tabs ↹ over ␣ ␣ ␣ spaces

by Jiří {x2} Činčura

Windows Defender updates automatically from Windows Update

9 Nov 2013 3 mins .NET, C#, Windows Update

Some time during last week I came across this tweet from Peter Ritchie.

Better granularity with @WindowsUpdate would be great, e.g. to be able to say auto install Defender Definition updates while choose others — Peter Ritchie (@peterritchie) November 2, 2013

I had and have exactly same feeling.

Sometimes I need to install the “Defender update” few times a week as it pops-up in updates. But frankly I don’t care about this update. Just go ahead and install it. But I do care about other updates. I’m a control freak. And also because I’m a developer. My machine contains a lot of weird software that may go nosedown after some update. So I want to know what’s going to happen with my machine with other updates. But you cannot say install this “type” of updates and ask for others.

I know. Majority of users are simply going to do either “keep my PC updated” or “do not touch anything” (seen a lot on kiosks and similar machines). Thus this is probably not going be implemented in Windows. But I’m a developer. That should be scriptable. Or some API should be there. Right?

After some quick search I found the API. And created a simple C# application that you can run once a day of after log in or … It checks for all updates, filters only “Defender updates” (though using lame string compare, so it might brake if the name changes), downloads and installs these. With some simple logging and exit statuses.

static int Main(string[] args)
	var session = new UpdateSession();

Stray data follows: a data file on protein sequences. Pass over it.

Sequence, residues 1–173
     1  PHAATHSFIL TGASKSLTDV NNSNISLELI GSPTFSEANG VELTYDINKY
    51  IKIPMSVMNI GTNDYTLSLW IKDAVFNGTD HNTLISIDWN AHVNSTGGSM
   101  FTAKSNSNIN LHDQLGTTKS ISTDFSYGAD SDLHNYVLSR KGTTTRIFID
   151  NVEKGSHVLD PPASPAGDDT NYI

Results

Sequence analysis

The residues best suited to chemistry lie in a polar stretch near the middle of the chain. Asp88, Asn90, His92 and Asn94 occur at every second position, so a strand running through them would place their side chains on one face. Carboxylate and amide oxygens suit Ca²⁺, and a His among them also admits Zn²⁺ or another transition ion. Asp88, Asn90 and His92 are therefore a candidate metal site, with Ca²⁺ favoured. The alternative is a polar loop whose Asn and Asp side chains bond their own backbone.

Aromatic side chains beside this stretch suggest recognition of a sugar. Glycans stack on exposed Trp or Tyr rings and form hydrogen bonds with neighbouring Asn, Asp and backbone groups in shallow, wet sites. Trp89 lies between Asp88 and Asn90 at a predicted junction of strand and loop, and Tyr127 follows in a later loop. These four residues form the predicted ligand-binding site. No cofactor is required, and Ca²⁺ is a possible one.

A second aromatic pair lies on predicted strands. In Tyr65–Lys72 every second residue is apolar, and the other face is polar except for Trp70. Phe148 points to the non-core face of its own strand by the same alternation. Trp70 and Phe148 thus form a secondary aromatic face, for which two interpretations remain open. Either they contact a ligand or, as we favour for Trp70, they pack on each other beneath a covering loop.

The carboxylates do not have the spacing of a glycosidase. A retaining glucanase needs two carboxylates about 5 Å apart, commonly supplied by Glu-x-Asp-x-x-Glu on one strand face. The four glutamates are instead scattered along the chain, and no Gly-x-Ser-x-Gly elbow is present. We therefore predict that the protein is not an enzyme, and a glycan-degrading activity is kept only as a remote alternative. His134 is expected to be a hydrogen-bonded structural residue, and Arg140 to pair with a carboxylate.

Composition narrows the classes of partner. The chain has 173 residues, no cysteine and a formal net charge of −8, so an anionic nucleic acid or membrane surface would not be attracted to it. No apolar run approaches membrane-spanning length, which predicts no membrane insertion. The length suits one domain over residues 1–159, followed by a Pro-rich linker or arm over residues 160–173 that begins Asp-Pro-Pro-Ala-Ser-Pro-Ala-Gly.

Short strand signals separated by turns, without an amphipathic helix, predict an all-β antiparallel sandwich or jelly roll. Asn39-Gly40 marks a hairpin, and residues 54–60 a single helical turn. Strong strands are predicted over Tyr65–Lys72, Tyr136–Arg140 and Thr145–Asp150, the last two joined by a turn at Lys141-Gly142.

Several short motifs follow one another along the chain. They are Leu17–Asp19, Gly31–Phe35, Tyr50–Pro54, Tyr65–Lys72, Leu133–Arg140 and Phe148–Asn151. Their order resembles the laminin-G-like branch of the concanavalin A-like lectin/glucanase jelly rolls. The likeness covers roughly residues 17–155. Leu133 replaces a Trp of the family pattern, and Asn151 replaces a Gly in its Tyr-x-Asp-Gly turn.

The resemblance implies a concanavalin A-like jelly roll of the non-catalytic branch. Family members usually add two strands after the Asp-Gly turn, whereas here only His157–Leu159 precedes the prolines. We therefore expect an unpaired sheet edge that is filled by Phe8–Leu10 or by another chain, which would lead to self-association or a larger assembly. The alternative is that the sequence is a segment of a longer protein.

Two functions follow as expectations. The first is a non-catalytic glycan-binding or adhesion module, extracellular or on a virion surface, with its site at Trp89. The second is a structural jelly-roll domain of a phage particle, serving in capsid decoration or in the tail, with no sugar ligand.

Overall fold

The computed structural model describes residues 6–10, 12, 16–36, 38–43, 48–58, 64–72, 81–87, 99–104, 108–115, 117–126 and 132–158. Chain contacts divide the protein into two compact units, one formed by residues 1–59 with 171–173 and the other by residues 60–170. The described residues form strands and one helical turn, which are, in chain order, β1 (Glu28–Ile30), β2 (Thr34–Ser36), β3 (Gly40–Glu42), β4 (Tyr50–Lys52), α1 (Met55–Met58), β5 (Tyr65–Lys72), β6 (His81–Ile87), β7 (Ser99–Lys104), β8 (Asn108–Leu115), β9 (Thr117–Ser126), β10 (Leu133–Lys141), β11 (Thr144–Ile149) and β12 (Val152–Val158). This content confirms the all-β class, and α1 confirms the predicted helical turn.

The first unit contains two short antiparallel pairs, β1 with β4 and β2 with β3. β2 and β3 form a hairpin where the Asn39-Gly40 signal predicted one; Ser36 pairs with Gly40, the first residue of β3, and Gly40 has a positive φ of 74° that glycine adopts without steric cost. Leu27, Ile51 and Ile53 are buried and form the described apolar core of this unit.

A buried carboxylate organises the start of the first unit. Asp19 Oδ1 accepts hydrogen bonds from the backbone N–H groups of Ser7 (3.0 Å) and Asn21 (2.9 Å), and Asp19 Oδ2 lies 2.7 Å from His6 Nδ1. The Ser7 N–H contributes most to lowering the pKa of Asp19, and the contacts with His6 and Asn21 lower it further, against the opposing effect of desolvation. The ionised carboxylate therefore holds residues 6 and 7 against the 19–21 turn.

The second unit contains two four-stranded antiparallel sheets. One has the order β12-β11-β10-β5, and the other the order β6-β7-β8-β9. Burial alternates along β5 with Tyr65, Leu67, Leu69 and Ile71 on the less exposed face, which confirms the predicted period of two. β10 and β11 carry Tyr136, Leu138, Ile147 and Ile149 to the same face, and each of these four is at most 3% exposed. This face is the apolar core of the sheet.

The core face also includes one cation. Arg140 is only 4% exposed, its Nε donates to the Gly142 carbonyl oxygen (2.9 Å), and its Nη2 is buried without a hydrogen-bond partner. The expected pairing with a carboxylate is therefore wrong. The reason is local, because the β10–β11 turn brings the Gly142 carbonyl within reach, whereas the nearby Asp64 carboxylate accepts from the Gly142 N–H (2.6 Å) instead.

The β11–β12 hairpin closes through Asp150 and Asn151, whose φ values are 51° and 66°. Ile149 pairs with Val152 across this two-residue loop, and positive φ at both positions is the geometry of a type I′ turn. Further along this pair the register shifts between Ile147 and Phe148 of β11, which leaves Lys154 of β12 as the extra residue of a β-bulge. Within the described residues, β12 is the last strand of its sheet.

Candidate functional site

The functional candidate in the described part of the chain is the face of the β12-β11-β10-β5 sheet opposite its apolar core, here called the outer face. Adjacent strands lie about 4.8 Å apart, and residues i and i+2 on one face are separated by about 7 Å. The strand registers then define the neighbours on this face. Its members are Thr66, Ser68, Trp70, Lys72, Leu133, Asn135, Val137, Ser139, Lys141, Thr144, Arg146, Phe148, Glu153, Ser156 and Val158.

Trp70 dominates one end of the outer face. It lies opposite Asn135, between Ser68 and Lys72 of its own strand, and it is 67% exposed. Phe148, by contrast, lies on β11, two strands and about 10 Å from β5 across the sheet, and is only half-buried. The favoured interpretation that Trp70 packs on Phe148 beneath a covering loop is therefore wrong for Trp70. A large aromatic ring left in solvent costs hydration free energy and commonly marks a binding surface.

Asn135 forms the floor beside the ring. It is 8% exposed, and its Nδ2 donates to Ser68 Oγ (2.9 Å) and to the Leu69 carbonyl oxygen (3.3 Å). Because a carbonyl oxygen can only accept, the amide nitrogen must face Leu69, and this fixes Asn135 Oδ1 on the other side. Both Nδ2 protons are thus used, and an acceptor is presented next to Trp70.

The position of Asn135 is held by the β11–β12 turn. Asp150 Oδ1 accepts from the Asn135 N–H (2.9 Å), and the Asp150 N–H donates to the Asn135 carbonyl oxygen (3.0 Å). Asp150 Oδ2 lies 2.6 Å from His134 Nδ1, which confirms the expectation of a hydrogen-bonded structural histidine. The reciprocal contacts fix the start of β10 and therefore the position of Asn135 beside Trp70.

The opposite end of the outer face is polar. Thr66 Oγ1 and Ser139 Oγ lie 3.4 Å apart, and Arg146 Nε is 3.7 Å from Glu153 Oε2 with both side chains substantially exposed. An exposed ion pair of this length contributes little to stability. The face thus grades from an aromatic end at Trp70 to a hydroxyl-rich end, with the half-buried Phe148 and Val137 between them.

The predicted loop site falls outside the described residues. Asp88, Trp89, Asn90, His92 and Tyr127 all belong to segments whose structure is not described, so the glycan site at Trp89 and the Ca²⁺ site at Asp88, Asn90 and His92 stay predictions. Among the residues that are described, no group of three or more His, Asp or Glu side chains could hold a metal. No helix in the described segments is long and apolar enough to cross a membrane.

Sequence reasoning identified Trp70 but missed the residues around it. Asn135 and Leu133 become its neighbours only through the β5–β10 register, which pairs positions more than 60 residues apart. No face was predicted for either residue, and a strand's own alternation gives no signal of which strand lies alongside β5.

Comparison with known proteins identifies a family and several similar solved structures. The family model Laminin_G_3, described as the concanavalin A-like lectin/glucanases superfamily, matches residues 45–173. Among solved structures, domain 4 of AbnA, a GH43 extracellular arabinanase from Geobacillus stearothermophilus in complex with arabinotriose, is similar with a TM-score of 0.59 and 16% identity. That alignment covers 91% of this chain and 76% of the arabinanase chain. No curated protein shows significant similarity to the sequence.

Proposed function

var searcher = session.CreateUpdateSearcher();
	var searchResult = searcher.Search("IsInstalled=0 And IsHidden=0");
	var defenderUpdates = searchResult.Updates.Cast<IUpdate>()
		.Where(u => u.Title.IndexOf("Definition Update for Windows Defender", StringComparison.Ordinal) >= 0)
	if (defenderUpdates.Any())
		Log("Going to install:");
		var updates = new UpdateCollection();
		foreach (var item in defenderUpdates)
			Log("\t" + item.Title);

		var downloader = session.CreateUpdateDownloader();
		downloader.Updates = updates;
		var downloadResult = downloader.Download();
		Log("Result: {0} [0x{1}]", downloadResult.ResultCode, downloadResult.HResult.ToString("X"));
		if (downloadResult.ResultCode != OperationResultCode.orcSucceeded)
			return -1 * (int)downloadResult.ResultCode;

		var updater = session.CreateUpdateInstaller();
		updater.Updates = updates;
		var updateResult = updater.Install();
		Log("Result: {0} [0x{1}]", updateResult.ResultCode, updateResult.HResult.ToString("X"));
		if (updateResult.ResultCode != OperationResultCode.orcSucceeded)
			return -1 * (int)updateResult.ResultCode;

		return 0;
		Log("Nothing to install.");
		return 0;

static void Log(string message)
	var fileMessage = string.Format("{0}|{1}", DateTimeOffset.Now.ToString(), message);
	File.AppendAllLines(Path.Combine(Path.GetDirectoryName(Assembly.GetEntryAssembly().Location), "log.log"), new[] { fileMessage });
static void Log(string format, params object[] args)
	Log(string.Format(format, args));

Of course, it needs to run with Administrator privileges so the app.manifest is added to the project. You can find complete code on my GitHub. Feel free to contribute.

Profile Picture Jiří Činčura is .NET, C# and Firebird expert. He focuses on data and business layers, language constructs, parallelism, databases and performance. For almost two decades he contributes to open-source, i.e. FirebirdClient. He works as a senior software engineer for Microsoft. Frequent speaker and blogger at